In regard to convenient forum, I suggest that FFC has not established that Ontario is any more convenient than New Brunswick. However, to balance this argument I suggest that the Plaintiffs would likely not have lost any juridical advantage by a move to Ontario because it will need to enforce any judgment it might be granted in Ontario.
Forum for Disputes
 The Moving Party suggests that the language in article 13, above-noted, is clear that all disputes shall be resolved in Ontario. With respect, I disagree. In my view the parties did not agree on Ontario having exclusive jurisdiction. An example of a clause granting exclusive jurisdiction is pointed to by Madam Justice Larlee in Blinds to Go Inc. (supra) at para 20 quoting from Z. I. Pompey Industrie v. ECU-Line N.V.,  S.C.J. No. 23 (S.C.C.):
The contract evidenced by or contained in this bill of Lading [sic] is governed by the law of Belgium, and any claim or dispute arising hereunder or in connection herewith shall be determined by the courts in Antwerp and no other Courts.
I also rely on other cases cited by Justice Larlee (see Offen v. McCain Produce Co., , 46 N.B.R. (2d) 108 (NBQB) and Eagle River International Ltd., Re2001 SCC 92 (CanLII),  3 S.C.R. 978 (S.C.C.) (which held clause to be not a choice of forum clause)). In my opinion article 13 is not an exclusive jurisdiction clause that clearly states Ontario to be the forum or jurisdiction to hear the disputes. [emphasis added]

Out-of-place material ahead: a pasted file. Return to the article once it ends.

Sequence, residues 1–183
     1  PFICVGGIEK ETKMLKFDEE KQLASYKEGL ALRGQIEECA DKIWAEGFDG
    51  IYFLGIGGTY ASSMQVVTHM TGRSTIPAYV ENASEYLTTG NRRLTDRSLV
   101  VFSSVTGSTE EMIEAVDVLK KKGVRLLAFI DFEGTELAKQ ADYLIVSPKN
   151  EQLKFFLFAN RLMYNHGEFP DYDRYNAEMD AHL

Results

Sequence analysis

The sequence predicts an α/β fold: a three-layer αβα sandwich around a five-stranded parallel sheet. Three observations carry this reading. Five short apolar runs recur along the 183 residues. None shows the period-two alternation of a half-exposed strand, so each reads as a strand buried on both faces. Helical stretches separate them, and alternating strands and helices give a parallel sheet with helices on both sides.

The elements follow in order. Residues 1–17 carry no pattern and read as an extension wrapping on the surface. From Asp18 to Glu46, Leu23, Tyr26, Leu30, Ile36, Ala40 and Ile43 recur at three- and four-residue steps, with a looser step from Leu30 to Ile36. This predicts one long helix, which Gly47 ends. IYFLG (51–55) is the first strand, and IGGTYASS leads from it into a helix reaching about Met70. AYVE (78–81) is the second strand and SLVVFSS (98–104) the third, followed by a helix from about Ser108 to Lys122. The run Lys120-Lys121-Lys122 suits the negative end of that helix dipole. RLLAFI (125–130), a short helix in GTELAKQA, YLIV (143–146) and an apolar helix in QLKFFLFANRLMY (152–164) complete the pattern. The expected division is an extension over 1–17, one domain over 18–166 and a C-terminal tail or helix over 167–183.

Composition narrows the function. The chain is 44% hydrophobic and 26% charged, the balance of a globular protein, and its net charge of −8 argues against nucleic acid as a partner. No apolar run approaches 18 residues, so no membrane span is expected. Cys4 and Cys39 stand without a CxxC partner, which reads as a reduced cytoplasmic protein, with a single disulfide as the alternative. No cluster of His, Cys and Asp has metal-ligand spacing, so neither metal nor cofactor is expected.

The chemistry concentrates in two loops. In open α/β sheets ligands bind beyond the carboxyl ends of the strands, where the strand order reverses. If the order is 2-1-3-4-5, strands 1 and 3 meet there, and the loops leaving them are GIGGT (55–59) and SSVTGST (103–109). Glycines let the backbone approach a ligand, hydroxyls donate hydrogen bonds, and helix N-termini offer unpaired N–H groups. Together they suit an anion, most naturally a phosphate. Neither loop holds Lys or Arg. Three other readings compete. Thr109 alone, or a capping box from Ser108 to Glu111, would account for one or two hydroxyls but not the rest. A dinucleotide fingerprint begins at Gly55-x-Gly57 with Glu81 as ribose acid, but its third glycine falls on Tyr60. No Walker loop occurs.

Admittedly, the contract drafting leaves much to be desired. The parties should have used more explicit language such as the following sample clause:
This Agreement shall be governed in all respects, whether as to validity, construction, capacity, performance or otherwise, by the laws of the Province of Ontario, Canada (without giving effect to principles of conflicts of laws) and the parties hereby irrevocably and unconditionally attorn and submit to the exclusive jurisdiction of the Superior Court of Justice in the Province of Ontario, Canada.
In my view, the “strong cause” test does not fit well in cases involving inter-provincial parties. Also, provincial laws are not “foreign laws”, in the context of international cases involving truly foreign parties, such as The Eleftheria.
Nevertheless, it is arguable that the conjunctive phrase “Interpreted, enforced and governed” is both a choice of law and an exclusive jurisdiction clause. Furthermore, the lex loci contractus is Ontario law which governs where the contract is to be construed and the dispute is to be adjudicated in an Ontario court where performance is to be enforced. Unless the word “enforced” no longer means to “compel observance or obedience to” a law, contract, right or obligation.